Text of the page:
“The all-pervading topic here, just now, is the Potato Blight. Anxious questions, and doubtful answers are all on the Farmer’s and Villager’s lips, and, as yet, while all dread a general failure, nobody can estimate the extent of the damage. Up until a week ago little was heard of ‘the blight,’ as it had made its appearance in but a few spots – it has now become more general, and in some fields has been sufficiently destructive to justify the most grave apprehensions.”
In a talk at the Kings Historical Society, L. S. Loomer said this terse paragraph from an 1845 issue of the Nova Scotian was an early forewarning of “a disaster, a terrible disaster” that struck Nova Scotia and “continued for several years.”
This disaster was the potato blight of 1845-1846 and the “forewarning” apparently came too late. Two weeks later another letter appeared in the Nova Scotian and it was obvious that the blight was full blown: “The potato disease is much more serious in the Township (Cornwallis) than was anticipated a short time ago… and the potatoes that were dug… have since become useless for man or beast. Persons who had stored potatoes in cellars had found them in such a state of rottenness that they have been obliged to carry them out and cover them up.”
This, Loomer said, was the beginning of two years of hunger and hardship in Nova Scotia “and they may have been the worst such years in recorded history.”
While most of us have heard of the potato famine in Ireland, Loomer said, few know that a similar event occurred in Nova Scotia. And as in Ireland, the widespread suffering during the blight was due to dependence on potatoes.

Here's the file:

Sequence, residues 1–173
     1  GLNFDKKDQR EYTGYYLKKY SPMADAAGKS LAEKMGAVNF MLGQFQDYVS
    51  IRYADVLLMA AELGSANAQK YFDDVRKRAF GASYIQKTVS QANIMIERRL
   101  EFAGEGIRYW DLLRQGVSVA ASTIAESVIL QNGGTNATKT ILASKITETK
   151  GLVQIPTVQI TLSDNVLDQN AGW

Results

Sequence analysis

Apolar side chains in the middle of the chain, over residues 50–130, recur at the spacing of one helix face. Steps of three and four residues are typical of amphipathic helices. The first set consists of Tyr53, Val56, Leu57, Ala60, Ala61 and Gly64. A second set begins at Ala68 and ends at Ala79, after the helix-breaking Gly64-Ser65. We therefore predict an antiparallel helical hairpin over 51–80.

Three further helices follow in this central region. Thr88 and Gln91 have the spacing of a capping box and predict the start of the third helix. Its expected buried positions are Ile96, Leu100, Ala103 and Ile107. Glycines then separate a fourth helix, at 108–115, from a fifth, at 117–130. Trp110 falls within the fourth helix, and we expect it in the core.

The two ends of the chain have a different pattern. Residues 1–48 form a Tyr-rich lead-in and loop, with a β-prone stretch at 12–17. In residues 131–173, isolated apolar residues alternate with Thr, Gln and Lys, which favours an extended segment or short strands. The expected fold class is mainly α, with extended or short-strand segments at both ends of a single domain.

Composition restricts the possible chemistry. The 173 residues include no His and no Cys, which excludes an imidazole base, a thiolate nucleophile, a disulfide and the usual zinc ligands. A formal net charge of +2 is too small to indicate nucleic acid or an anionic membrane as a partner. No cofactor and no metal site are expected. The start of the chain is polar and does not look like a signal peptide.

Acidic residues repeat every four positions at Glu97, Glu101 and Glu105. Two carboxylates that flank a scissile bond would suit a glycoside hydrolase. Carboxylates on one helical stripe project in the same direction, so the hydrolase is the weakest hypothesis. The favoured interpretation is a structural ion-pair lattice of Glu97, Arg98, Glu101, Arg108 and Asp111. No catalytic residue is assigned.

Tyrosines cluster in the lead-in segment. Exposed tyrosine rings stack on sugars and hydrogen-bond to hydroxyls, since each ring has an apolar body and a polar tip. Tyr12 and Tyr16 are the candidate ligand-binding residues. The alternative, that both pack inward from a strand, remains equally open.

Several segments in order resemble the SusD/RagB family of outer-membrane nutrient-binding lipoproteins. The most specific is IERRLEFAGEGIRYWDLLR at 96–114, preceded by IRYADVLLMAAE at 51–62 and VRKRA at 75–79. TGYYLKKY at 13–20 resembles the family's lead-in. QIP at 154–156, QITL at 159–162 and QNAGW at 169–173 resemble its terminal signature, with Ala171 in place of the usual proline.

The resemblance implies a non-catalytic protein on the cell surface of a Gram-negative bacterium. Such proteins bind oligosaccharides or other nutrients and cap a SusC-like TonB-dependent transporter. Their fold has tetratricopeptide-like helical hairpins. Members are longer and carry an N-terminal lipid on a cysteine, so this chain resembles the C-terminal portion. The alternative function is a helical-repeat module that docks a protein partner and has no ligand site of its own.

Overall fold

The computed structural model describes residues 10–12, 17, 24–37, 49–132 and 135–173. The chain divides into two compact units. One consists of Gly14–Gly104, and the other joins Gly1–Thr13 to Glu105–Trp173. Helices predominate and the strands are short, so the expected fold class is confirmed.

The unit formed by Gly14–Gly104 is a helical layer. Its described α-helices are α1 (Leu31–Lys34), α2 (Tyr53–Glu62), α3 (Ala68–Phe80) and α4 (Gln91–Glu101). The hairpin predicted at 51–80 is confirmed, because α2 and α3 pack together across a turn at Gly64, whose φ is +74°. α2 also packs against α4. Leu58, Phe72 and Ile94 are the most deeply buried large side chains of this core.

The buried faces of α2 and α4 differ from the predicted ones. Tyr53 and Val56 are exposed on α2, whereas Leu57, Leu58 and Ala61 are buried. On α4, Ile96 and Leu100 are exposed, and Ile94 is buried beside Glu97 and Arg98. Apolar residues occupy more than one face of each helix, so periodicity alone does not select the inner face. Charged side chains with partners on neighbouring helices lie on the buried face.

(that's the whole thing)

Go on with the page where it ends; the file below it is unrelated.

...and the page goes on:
The blight was widespread, striking every area of the Maritimes, and causing great food shortages. In the Annapolis Valley nearly all the potato crop of 1845 was hit. Farmers in Windsor lost almost 90 percent of their crop. In Cornwallis, reads the report of the Board of Agriculture, “one half of the potato crop is diseased. In Horton “the rot has affected more than three-fourths of their potatoes.”
Farther down the Valley, in the Bridgetown area, farmers lost an estimated seven-eights of the potato crop. Outside the Valley the tale was similar. Lunenburg County farmers suffered potato losses amounting to three-quarters of the entire crop. Halifax County lost nine-tenths of its crop, Digby County two-thirds, and so on around the province.
“The rotting of the Nova Scotia potato crop in October 1845 was to have dire consequences long before the end of the year,” Loomer said, noting that the government took immediate action to counter its effects. “The Nova Scotia Legislature was in session just after the beginning of January 1846. One of the earliest items of business was relief for the victims of this agricultural disaster.”
The relief came in the form of food grants for the stricken areas. The Lieutenant Governor had already distributed thousands of dollars worth of provisions to blight victims and the Legislature moved to do the same. Humane as this may seem, the Legislature also decided that grants for food or seed would be deducted from the annual county road grants.
The potato blight persisted for several years in some areas well after 1845. During the peak of the blight and in following years, fruit and vegetable crops were hit by diseases and destructive insects. The blight’s appearance was the first of a series of farm disasters.